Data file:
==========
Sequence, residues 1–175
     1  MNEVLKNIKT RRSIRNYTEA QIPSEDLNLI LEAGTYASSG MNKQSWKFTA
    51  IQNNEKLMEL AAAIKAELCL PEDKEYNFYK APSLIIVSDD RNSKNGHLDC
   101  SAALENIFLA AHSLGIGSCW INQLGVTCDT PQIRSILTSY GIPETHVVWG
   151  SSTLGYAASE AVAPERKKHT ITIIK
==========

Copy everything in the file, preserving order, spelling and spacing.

Sequence, residues 1–175
     1  MNEVLKNIKT RRSIRNYTEA QIPSEDLNLI LEAGTYASSG MNKQSWKFTA
    51  IQNNEKLMEL AAAIKAELCL PEDKEYNFYK APSLIIVSDD RNSKNGHLDC
   101  SAALENIFLA AHSLGIGSCW INQLGVTCDT PQIRSILTSY GIPETHVVWG
   151  SSTLGYAASE AVAPERKKHT ITIIK